One thing that helps is understanding what type of communicator you are as you can then play to your strengths. Take this iMA Strategies quiz to discover how you can be better at networking: http://katecocker-ima.com
Myth 2: Networking only counts if you are meeting new people
When I started both my Presenter Coach Business and Kate Cocker Studio (where I sold my artwork and paintings) I realised that actually where the connections start, are with the people you know. Friends would be the first to buy my paintings, and I still get Presenter Coach work through people I play netball with.
Start with who you know, make a list. Then see who they know. And make sure your friends and family, know what it is you actually do so that they can employ you or recommend you.
Myth 3: Networking means talking about myself or the business constantly, and I am not good at that
This is the greatest pressure people put on themselves when they think about networking. But you can take the pressure off right now as here is the secret to being a good networker:
All you have to do is listen.
Think about the people you know that you consider to be good listeners. Do you dislike them? No. Do you respect them? Yes. Do you trust them? Yes.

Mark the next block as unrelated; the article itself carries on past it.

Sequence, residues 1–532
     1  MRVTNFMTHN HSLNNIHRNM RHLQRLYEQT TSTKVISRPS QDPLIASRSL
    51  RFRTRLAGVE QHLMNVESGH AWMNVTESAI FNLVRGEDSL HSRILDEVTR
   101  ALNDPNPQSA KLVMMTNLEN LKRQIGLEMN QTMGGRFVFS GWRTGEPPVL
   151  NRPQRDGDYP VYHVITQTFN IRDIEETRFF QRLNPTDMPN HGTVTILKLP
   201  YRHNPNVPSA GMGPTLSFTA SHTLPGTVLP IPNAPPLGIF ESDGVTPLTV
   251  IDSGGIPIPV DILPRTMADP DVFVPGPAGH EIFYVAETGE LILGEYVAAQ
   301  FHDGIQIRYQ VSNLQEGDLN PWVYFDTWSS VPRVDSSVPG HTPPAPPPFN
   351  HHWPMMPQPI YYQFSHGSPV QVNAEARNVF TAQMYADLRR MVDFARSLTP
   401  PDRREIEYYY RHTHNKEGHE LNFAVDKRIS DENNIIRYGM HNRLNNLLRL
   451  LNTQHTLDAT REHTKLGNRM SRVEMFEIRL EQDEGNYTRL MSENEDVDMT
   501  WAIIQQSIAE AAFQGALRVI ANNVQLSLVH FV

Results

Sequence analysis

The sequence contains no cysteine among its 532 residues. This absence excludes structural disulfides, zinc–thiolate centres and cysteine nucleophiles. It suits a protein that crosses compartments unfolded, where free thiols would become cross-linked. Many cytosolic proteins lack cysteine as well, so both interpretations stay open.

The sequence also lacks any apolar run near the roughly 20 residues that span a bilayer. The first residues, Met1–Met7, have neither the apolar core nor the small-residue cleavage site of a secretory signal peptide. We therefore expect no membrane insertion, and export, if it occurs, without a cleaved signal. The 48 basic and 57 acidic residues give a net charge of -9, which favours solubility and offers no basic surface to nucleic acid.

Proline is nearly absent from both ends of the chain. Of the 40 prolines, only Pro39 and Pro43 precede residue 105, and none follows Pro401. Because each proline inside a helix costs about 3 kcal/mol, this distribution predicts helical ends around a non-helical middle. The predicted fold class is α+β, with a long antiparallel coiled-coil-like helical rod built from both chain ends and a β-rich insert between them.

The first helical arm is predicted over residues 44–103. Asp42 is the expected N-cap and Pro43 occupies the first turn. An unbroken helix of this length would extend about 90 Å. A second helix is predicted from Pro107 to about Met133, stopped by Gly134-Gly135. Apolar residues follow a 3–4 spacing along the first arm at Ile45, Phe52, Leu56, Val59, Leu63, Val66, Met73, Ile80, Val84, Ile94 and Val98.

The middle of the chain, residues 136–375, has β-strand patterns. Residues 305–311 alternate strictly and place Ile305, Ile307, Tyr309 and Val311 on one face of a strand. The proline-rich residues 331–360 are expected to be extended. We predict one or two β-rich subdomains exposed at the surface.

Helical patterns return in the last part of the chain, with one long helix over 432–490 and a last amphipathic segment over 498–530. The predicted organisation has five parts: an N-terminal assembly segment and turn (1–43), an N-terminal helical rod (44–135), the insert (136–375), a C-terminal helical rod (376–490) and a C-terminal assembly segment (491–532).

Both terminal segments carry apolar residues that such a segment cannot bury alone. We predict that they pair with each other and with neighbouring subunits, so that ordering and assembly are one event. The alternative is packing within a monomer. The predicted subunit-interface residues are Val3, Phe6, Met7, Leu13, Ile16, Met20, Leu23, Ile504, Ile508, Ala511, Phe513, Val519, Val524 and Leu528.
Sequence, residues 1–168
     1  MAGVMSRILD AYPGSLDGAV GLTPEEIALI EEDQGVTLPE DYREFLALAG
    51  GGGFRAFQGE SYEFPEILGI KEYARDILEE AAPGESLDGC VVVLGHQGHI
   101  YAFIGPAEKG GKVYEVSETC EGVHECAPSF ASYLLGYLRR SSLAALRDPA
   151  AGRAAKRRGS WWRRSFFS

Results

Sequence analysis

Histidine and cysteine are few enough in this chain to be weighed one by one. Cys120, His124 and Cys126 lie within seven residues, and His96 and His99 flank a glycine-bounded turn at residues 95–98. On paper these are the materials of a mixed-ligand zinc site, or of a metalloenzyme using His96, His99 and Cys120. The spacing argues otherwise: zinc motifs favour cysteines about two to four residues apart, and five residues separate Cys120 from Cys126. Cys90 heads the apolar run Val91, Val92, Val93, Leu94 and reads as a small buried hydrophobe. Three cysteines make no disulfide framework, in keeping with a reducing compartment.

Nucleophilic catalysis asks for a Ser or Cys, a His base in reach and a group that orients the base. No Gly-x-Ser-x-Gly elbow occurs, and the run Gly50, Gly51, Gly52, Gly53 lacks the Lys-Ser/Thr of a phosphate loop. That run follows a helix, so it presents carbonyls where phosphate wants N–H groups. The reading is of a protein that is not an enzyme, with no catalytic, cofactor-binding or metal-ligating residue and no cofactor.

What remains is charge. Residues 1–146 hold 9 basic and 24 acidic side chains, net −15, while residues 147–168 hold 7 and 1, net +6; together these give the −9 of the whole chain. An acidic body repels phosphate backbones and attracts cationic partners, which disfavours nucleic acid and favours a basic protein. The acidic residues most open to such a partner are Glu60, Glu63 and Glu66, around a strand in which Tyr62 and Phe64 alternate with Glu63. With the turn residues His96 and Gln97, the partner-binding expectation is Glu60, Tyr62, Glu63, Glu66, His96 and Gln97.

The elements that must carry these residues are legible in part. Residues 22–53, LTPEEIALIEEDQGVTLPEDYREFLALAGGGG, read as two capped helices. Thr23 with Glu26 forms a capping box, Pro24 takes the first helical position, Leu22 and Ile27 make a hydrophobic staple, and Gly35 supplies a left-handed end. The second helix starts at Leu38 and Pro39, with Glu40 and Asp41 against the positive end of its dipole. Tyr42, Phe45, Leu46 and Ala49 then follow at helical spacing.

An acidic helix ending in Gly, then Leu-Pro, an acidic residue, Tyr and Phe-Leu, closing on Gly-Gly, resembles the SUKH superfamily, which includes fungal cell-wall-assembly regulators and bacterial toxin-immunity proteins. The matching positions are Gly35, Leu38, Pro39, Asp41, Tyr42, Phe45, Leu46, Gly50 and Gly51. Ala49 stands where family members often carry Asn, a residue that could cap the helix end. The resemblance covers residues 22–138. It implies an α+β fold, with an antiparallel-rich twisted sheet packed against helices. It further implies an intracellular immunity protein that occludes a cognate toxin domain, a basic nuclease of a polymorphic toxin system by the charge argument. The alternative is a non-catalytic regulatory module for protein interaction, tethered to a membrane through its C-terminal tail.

Listening is key to building relationships and business development. Finding out what are the challenges for their business, gives you the opportunity to help them. You can’t help without listening, being interested and asking questions about the things they are talking about.
Take the light off you, and make sure you shine the light on them.
Sometimes we can build up myths that protect us. Our assumptions protect us from taking risks, feeling uncomfortable and bursting out the comfort zone. Sometimes we don’t have to jump in 2 footed and terrify ourselves, sometimes we can stretch our comfort zone and slowly build confidence that we know what we are doing.
So network to your strengths, start with who you already know, and listen so that you can work out how what you do can help the person you are talking to.